Space Swoon: Cassini captures a dawn on Saturn

cassini saturn dawn

Just Cassini doing Cassini things. You know, capturing beautiful images of Saturn and its moons and rings and such forth and so on.


NASA’s Cassini spacecraft peers toward a sliver of Saturn’s sunlit atmosphere while the icy rings stretch across the foreground as a dark band.

This view looks toward the unilluminated side of the rings from about 7 degrees below the ring plane. The image was taken in green light with the Cassini spacecraft wide-angle camera on March 31, 2017.

The view was obtained at a distance of approximately 620,000 miles (1 million kilometers) from Saturn. Image scale is 38 miles (61 kilometers) per pixel.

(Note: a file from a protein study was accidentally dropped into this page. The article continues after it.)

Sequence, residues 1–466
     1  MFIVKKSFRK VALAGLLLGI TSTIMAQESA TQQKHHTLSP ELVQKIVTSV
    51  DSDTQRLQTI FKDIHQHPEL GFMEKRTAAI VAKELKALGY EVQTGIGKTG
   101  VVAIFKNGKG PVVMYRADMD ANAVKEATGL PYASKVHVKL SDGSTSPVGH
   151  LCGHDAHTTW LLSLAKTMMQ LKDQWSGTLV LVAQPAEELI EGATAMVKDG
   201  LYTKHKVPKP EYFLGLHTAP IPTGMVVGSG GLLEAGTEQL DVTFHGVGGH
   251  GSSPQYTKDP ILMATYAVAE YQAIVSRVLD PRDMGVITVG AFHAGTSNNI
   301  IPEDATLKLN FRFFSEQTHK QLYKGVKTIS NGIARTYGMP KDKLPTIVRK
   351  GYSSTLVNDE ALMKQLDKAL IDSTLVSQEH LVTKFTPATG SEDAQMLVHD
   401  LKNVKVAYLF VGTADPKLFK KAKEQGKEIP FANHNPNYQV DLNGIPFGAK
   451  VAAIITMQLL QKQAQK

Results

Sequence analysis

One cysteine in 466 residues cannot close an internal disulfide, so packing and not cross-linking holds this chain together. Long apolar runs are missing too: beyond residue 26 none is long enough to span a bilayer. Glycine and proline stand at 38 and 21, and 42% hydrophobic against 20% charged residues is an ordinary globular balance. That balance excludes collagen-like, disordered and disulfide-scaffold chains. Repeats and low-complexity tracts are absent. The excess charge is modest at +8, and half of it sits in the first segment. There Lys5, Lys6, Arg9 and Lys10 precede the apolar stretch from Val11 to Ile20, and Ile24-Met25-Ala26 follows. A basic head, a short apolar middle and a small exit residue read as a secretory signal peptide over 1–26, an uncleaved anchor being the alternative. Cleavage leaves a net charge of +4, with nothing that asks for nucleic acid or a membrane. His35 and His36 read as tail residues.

The Cassini mission is a cooperative project of NASA, ESA (the European Space Agency) and the Italian Space Agency. The Jet Propulsion Laboratory, a division of the California Institute of Technology in Pasadena, manages the mission for NASA’s Science Mission Directorate, Washington. The Cassini orbiter and its two onboard cameras were designed, developed and assembled at JPL. The imaging operations center is based at the Space Science Institute in Boulder, Colorado.

For more information about the Cassini-Huygens mission visit and The Cassini imaging team homepage is at

Credit: NASA/JPL-Caltech/Space Science Institute